Professional Dancer Gives Up Ballet to Study Political Science


Many ballerinas attend our diverse campus to pursue a degree in dance. But some, like former professional dancer Amanda Weingarten, come to Fordham for an entirely different reason. The 24-year-old from Tampa, Fla., studied with the Miami City Ballet for seven years before she retired this past summer to focus on school—specifically studying political science at Fordham College at Lincoln Center.  And while the majority of college students are at Fordham to get a head start on their first career, Weingarten is already looking toward her second: pursing public interest law in order to work with human trafficking victims and domestic violence cases.

Amanda Weingarten looks to pursue a career in law after graduation. (Mario Weddell/The Observer )

Ballerina Beginnings
I went to the school of American Ballet for summers and stayed there for a year-round program from [age] 15 to 16. I got into the Miami City Ballet when I was 17 and I danced professionally for them for seven years.

Early Promotion
I spent a summer in the Miami City Ballet intensive program and they asked me halfway way through if I would join as an apprentice. I said yes. I was 17 and had just graduated from the Professional Children’s School in New York.  At 22, I was a soloist.

Life on the Road
We traveled domestically a lot—all around south Florida, California, New York, Texas. Last summer, as part of the retirement show, we went to Paris and performed at Theatre du Chatelet for three weeks solid.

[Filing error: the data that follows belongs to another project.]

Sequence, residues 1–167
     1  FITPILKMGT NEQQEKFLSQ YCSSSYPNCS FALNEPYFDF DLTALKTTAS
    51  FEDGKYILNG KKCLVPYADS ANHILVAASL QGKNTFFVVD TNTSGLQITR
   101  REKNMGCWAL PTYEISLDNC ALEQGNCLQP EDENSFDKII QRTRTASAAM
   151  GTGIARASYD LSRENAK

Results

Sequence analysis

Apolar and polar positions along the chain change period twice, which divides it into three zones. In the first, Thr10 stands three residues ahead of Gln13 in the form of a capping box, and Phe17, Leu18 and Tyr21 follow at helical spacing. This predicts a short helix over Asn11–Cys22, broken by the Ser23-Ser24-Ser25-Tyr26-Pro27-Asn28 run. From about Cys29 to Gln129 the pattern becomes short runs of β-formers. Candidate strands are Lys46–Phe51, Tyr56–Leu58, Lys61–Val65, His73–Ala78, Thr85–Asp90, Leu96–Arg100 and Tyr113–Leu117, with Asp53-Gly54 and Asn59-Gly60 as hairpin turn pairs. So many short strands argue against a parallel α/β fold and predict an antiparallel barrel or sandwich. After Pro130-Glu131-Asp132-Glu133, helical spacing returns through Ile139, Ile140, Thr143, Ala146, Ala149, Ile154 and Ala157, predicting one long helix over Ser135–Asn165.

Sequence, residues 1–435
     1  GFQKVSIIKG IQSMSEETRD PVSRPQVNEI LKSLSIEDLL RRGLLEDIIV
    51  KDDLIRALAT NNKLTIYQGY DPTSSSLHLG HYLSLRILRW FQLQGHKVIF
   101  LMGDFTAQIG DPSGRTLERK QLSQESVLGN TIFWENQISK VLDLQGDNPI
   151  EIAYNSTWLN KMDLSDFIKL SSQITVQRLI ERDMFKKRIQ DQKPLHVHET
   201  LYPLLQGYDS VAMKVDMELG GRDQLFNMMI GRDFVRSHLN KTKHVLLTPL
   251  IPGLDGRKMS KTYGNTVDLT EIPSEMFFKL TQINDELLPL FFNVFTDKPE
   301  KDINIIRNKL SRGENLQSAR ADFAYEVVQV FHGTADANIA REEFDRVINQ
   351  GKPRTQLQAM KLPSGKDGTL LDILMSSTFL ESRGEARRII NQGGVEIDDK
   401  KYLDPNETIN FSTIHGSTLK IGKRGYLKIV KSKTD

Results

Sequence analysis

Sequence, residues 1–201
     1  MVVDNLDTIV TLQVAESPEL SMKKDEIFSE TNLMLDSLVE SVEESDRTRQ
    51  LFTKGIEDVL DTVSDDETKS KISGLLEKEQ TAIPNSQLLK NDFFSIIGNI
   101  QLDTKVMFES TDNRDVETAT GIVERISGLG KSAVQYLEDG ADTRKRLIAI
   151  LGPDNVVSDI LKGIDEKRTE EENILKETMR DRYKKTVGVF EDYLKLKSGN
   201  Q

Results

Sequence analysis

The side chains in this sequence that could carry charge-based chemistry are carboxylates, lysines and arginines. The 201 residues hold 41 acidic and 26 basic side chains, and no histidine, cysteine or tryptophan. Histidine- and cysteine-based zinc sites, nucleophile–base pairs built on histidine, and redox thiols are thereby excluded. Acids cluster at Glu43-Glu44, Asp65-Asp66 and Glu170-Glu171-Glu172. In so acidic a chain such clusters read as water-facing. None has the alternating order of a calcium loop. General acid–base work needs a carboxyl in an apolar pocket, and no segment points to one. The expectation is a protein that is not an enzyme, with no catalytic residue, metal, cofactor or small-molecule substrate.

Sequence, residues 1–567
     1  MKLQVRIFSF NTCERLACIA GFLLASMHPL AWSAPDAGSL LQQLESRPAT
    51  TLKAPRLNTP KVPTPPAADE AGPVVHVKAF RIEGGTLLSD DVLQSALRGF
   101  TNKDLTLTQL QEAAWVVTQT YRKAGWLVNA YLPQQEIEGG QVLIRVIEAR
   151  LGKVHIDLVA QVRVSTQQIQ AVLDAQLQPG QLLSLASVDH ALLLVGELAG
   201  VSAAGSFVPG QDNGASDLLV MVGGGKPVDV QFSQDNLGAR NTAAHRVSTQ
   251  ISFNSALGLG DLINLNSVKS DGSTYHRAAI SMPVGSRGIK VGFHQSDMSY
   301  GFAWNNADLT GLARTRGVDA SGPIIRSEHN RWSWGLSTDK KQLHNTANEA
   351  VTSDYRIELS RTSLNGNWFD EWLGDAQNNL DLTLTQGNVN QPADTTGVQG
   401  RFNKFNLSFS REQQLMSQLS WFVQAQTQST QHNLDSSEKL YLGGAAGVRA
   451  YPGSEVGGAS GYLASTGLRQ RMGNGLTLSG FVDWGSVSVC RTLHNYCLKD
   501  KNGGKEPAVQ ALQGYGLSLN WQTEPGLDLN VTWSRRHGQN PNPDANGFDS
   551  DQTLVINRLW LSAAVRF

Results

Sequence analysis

Being a Part-Time Student
All the while I was dancing I was taking classes at Miami Dade College. My whole experience of higher education was doing work after a show in my PJ’s. Now I’m not able to do my class work in splits on the floor, I have to sit in a classroom.

Championing a Cause
I first heard about human trafficking at my church. The founders who started “Stop Child Trafficking Now” were talking about the problem and how rampant it is. Globally it’s like 28 million [victims]. This is 2011 and this is slavery.

The Dilemma
It became difficult for me to do my job in the entertainment world where I’m constantly perfecting myself—staring in the mirror trying to create perfection and not focusing on these 28 million. I started dreaming about helping. I couldn’t escape it. I felt like my life was just too selfish when I was working on perfecting my own trait.

Seeking Justice for Victims
I wanted to work with [those affected by] human trafficking. I wanted to be able to represent victims in court so they can get justice for what they’ve been through. I think law is one of most dynamic ways to get involved. Also, when you prosecute a pimp you free the potential girls who would have been trafficked.

Using Dance to Influence
I really think the fact that I was able to fulfill my dream of dancing helped me realize that so many things are stolen from [victims]. So I got to a point where I accomplished what I was set out to do by God’s grace and realized that so many people are disadvantaged and don’t have that opportunity. Some are taken in at six [years old].

Remembering the Stage
I don’t regret it and I don’t miss it. Every once in a while I’ll do a little dance around my studio apartment.  I still appreciate ballet. To be a ballerina you have to give it everything. I left home at 12. It’s all or nothing for me.